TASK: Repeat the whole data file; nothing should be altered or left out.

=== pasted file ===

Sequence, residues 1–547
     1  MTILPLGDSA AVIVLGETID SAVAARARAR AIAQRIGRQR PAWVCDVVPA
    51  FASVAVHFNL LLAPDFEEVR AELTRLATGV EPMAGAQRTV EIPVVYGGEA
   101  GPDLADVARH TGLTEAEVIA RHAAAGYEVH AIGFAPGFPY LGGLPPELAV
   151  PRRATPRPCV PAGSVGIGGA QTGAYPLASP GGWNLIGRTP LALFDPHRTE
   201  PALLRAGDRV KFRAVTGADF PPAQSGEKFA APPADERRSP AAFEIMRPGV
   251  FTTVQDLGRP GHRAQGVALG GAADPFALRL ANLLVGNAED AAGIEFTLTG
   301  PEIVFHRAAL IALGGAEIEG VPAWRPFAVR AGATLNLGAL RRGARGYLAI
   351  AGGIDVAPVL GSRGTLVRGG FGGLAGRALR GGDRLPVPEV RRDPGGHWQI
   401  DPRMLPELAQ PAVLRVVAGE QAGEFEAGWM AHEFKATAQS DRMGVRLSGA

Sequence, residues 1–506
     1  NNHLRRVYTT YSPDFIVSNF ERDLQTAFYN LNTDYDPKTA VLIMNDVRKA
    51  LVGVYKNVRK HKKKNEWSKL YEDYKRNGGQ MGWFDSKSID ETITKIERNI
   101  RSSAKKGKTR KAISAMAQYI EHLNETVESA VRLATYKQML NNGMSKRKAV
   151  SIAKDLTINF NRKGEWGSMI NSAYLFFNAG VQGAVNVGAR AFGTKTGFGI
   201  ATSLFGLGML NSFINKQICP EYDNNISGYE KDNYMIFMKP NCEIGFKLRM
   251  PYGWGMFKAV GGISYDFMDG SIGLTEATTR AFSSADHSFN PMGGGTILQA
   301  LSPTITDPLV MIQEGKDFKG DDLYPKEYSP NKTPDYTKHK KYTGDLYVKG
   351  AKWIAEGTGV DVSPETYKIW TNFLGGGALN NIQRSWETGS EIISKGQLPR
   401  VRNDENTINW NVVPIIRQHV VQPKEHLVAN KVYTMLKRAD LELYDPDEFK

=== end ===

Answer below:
Sequence, residues 1–547
     1  MTILPLGDSA AVIVLGETID SAVAARARAR AIAQRIGRQR PAWVCDVVPA
    51  FASVAVHFNL LLAPDFEEVR AELTRLATGV EPMAGAQRTV EIPVVYGGEA
   101  GPDLADVARH TGLTEAEVIA RHAAAGYEVH AIGFAPGFPY LGGLPPELAV
   151  PRRATPRPCV PAGSVGIGGA QTGAYPLASP GGWNLIGRTP LALFDPHRTE
   201  PALLRAGDRV KFRAVTGADF PPAQSGEKFA APPADERRSP AAFEIMRPGV
   251  FTTVQDLGRP GHRAQGVALG GAADPFALRL ANLLVGNAED AAGIEFTLTG
   301  PEIVFHRAAL IALGGAEIEG VPAWRPFAVR AGATLNLGAL RRGARGYLAI
   351  AGGIDVAPVL GSRGTLVRGG FGGLAGRALR GGDRLPVPEV RRDPGGHWQI
   401  DPRMLPELAQ PAVLRVVAGE QAGEFEAGWM AHEFKATAQS DRMGVRLSGA

Sequence, residues 1–506
     1  NNHLRRVYTT YSPDFIVSNF ERDLQTAFYN LNTDYDPKTA VLIMNDVRKA
    51  LVGVYKNVRK HKKKNEWSKL YEDYKRNGGQ MGWFDSKSID ETITKIERNI
   101  RSSAKKGKTR KAISAMAQYI EHLNETVESA VRLATYKQML NNGMSKRKAV
   151  SIAKDLTINF NRKGEWGSMI NSAYLFFNAG VQGAVNVGAR AFGTKTGFGI
   201  ATSLFGLGML NSFINKQICP EYDNNISGYE KDNYMIFMKP NCEIGFKLRM
   251  PYGWGMFKAV GGISYDFMDG SIGLTEATTR AFSSADHSFN PMGGGTILQA
   301  LSPTITDPLV MIQEGKDFKG DDLYPKEYSP NKTPDYTKHK KYTGDLYVKG
   351  AKWIAEGTGV DVSPETYKIW TNFLGGGALN NIQRSWETGS EIISKGQLPR
   401  VRNDENTINW NVVPIIRQHV VQPKEHLVAN KVYTMLKRAD LELYDPDEFK